Ulrich B. Mack: "
I am a Berliner" - with these words, John F. Kennedy made history. No record of the young charismatic president is more celebrated, cheered harder, been cited more often than this. In June 1963, Kennedy came to the Federal Republic of Germany. Cologne, Wiesbaden, Frankfurt and Berlin were on the agenda of a journey that would be a triumphal trip. Since the Berlin Wall was built in 1961 the Berlin people had been waiting for a sign of solidarity. Well there it was: In the form of the most powerful man in the world, whose presence in the "front-line city," not less than two million people took to the streets cheering, waving, flag waving. Kennedy's visit marked the high point of American enthusiasm in West Germany. This visit was a political, but also a media event and was accompanied by the 28-year-old Ulrich Mack for the German magazine Quick. Mack's black and white reportage are known for its artisanal excellence, a sense of decisive moments for grand gestures, but also a sensitive look at the goings-on the edge, the more so as the well-staged performances of politicians - Kennedy, Adenauer, Brandt - the emotional side of the visit reflects. Not a photographer, that's for sure, has the state visit as completely so sensitive, documented as committed as Ulrich Mack. Five decades outsourced its images and negatives largely unnoticed in the archives, now, Burkhard Arnold, owner of the internationally reputated in focus gallery in Cologne, selected in collaboration with Ulrich Mack photographs from this series to an exhibition - equally an important piece of time, photography and media history.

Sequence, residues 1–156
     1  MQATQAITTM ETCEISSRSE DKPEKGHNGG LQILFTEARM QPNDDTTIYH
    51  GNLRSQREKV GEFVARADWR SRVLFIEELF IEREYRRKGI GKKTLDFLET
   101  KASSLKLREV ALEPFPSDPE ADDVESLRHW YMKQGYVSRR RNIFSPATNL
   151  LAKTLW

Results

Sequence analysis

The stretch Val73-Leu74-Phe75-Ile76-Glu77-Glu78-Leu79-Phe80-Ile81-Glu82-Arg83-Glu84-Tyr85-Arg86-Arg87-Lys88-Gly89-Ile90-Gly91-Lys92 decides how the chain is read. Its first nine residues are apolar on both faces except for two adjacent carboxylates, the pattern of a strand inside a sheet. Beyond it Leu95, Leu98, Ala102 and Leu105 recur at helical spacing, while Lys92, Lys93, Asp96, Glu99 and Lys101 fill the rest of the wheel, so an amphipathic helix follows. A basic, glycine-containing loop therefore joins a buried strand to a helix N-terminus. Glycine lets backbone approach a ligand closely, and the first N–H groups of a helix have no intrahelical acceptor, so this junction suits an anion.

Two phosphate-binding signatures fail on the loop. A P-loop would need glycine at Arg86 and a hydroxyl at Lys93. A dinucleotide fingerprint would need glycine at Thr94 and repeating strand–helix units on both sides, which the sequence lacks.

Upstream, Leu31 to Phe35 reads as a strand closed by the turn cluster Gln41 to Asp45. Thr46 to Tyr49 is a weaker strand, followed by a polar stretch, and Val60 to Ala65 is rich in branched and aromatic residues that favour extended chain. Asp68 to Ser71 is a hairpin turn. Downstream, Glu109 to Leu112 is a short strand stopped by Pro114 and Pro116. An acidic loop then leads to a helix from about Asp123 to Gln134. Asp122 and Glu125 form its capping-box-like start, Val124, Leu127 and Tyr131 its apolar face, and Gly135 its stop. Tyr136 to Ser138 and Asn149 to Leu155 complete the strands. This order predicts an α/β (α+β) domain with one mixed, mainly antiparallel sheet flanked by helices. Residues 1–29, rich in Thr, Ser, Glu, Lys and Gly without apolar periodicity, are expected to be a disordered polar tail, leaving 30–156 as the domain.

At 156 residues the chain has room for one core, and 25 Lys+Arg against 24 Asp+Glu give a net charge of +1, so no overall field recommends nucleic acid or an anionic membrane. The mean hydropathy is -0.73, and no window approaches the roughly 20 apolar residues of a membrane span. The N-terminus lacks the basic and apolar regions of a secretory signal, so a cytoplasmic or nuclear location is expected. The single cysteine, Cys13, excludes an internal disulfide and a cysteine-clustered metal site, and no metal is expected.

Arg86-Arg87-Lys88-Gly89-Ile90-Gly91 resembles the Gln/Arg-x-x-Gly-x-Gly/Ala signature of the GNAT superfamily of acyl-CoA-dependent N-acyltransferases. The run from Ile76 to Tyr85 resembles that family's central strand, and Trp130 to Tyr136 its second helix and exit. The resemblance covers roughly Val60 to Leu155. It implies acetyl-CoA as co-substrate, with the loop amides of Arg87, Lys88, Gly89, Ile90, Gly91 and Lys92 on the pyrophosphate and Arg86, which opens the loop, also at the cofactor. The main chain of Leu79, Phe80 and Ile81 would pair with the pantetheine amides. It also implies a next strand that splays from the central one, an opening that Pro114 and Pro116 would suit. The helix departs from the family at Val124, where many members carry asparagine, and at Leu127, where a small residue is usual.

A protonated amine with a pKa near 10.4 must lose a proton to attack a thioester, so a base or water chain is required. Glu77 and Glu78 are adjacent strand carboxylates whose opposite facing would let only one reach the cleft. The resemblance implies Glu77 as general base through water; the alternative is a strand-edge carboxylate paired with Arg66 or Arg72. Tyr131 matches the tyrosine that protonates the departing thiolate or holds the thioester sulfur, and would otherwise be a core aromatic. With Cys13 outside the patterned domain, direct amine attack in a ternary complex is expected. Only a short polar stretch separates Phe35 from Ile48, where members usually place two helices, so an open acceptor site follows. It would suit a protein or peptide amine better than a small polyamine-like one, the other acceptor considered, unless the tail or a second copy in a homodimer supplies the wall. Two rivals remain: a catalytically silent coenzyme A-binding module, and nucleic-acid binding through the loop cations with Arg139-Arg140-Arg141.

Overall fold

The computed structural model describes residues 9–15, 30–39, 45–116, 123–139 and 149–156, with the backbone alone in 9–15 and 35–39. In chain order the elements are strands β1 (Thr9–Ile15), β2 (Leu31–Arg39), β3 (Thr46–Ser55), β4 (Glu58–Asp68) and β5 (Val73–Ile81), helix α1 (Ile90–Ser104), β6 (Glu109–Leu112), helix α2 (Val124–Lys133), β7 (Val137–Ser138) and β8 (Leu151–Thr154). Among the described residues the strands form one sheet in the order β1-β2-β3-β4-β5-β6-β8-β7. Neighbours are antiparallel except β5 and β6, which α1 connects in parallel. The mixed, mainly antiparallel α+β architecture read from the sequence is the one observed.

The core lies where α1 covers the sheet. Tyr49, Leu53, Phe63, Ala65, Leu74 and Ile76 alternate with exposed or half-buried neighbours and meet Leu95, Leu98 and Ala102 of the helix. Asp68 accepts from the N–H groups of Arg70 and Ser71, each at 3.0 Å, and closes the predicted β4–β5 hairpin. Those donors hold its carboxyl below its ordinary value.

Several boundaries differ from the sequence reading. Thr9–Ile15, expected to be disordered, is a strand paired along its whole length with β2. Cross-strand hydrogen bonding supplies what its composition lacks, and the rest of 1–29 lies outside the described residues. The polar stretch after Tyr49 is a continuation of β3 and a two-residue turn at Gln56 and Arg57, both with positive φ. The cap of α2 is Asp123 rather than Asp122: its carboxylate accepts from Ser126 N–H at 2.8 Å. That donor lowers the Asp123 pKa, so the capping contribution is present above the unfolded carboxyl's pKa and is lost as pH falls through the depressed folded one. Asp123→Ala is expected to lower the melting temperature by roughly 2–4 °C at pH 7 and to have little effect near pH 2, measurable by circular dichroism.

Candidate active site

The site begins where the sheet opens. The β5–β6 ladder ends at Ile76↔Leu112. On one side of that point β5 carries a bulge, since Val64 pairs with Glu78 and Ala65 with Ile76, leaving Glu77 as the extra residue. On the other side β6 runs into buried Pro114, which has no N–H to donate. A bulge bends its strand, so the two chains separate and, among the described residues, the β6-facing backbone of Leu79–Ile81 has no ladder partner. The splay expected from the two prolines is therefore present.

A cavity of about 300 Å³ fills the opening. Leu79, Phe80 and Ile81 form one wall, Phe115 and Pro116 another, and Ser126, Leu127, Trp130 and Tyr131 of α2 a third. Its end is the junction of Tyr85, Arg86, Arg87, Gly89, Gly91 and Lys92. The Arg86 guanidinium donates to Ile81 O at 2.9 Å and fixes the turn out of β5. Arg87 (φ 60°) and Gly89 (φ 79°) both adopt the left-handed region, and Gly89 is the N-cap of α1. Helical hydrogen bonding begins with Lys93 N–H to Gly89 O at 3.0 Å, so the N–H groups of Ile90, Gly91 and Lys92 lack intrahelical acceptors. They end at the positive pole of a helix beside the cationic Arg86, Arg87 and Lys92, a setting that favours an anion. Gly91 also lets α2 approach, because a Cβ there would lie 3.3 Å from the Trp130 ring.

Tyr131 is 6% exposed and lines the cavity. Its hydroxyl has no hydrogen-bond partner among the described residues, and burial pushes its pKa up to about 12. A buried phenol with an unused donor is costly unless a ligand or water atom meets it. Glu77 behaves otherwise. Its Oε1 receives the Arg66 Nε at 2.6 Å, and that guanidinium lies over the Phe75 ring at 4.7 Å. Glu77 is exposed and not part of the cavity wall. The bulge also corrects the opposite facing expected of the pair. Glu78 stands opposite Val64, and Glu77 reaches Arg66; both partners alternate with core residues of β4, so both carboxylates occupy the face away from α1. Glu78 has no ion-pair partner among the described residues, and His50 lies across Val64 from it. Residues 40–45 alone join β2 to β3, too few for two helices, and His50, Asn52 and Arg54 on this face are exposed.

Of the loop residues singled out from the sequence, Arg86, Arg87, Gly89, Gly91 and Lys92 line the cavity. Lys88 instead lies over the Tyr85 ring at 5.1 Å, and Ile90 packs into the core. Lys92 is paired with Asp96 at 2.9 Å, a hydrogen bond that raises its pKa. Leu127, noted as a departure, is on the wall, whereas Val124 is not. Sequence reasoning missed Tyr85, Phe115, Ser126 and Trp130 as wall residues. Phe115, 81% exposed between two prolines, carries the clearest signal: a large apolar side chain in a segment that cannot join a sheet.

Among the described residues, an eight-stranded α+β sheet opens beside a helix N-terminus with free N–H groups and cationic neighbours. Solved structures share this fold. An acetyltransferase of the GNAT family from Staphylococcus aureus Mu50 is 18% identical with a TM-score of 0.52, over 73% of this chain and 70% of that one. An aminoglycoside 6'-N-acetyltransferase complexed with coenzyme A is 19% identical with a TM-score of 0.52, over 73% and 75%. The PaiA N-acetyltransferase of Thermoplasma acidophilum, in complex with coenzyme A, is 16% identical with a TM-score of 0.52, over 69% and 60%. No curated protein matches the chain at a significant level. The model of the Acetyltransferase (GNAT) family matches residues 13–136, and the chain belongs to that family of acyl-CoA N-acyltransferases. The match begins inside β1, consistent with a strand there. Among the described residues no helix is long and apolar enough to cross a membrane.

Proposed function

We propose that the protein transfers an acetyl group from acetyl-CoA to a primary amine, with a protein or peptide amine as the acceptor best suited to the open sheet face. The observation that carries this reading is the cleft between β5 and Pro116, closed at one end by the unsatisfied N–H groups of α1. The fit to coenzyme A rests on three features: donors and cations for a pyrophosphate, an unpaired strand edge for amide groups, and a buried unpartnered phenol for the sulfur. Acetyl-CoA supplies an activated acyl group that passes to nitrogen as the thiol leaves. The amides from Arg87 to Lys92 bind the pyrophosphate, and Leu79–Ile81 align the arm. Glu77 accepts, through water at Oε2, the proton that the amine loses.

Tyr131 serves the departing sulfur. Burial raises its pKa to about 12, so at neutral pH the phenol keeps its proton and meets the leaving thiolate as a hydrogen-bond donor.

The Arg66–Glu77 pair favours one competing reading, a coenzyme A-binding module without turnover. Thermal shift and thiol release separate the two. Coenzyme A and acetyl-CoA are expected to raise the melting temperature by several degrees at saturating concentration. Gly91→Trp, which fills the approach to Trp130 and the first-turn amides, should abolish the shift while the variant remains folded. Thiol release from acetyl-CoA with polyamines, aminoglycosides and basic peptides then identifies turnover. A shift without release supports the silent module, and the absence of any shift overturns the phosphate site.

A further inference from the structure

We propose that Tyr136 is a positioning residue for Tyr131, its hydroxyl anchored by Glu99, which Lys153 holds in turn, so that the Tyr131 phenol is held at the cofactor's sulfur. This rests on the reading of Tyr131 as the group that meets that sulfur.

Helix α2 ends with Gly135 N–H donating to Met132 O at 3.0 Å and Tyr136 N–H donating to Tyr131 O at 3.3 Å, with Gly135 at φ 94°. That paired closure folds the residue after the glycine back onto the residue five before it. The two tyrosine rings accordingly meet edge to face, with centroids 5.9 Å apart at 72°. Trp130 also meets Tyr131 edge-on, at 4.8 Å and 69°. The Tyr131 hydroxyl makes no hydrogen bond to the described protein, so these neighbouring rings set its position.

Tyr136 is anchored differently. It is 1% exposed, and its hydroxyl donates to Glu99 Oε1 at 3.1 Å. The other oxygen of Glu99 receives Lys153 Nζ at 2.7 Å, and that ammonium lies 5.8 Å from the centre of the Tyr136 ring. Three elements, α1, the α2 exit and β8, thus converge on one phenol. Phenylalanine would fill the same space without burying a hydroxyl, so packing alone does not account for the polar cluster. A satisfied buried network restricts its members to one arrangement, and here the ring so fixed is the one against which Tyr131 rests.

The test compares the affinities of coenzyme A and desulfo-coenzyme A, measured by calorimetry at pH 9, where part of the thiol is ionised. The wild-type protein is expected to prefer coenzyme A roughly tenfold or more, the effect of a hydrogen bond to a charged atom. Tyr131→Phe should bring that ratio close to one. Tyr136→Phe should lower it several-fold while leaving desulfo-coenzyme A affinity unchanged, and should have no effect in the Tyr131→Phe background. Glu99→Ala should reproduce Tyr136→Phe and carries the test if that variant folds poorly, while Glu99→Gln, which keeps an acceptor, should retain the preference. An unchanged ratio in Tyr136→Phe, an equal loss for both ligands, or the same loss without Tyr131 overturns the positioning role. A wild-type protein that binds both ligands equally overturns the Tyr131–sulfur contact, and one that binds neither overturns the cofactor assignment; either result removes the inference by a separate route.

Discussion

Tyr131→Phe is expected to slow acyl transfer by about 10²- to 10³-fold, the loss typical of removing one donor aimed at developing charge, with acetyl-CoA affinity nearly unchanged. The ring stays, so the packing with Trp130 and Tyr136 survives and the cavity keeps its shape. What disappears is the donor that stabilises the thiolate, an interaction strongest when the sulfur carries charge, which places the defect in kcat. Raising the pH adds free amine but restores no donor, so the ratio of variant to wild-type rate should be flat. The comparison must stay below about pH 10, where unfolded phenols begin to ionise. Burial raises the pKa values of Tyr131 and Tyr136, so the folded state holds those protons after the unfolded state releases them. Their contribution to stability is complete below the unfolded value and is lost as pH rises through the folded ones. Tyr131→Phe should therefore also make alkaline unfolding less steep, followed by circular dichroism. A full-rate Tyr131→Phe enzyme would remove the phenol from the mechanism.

The exhibition is complemented by a careful selection of photographs of two other series. For one of Mack's 1959 arising series "Ruhrgebiet" with its collieries and blast furnaces, its workers' settlements, railroad tracks and loading ports - a defunct world of which only traces survived - and the other resulting from the 2001 series "Distance" with color pictures of great beauty (dye-transfer) about the vast salt marshes of Ipswich in the northeastern United States, in Massachusetts.
Ulrich Mack, born in 1934, was a photojournalist for Quick and Stern magazine before in 1975 he moved as a professor of visual communication at the FH Dortmund into teaching. Mack has published several books (including a comparative study "Pellworm / Harkers Iceland") and repeatedly received awards and honors for his life's work.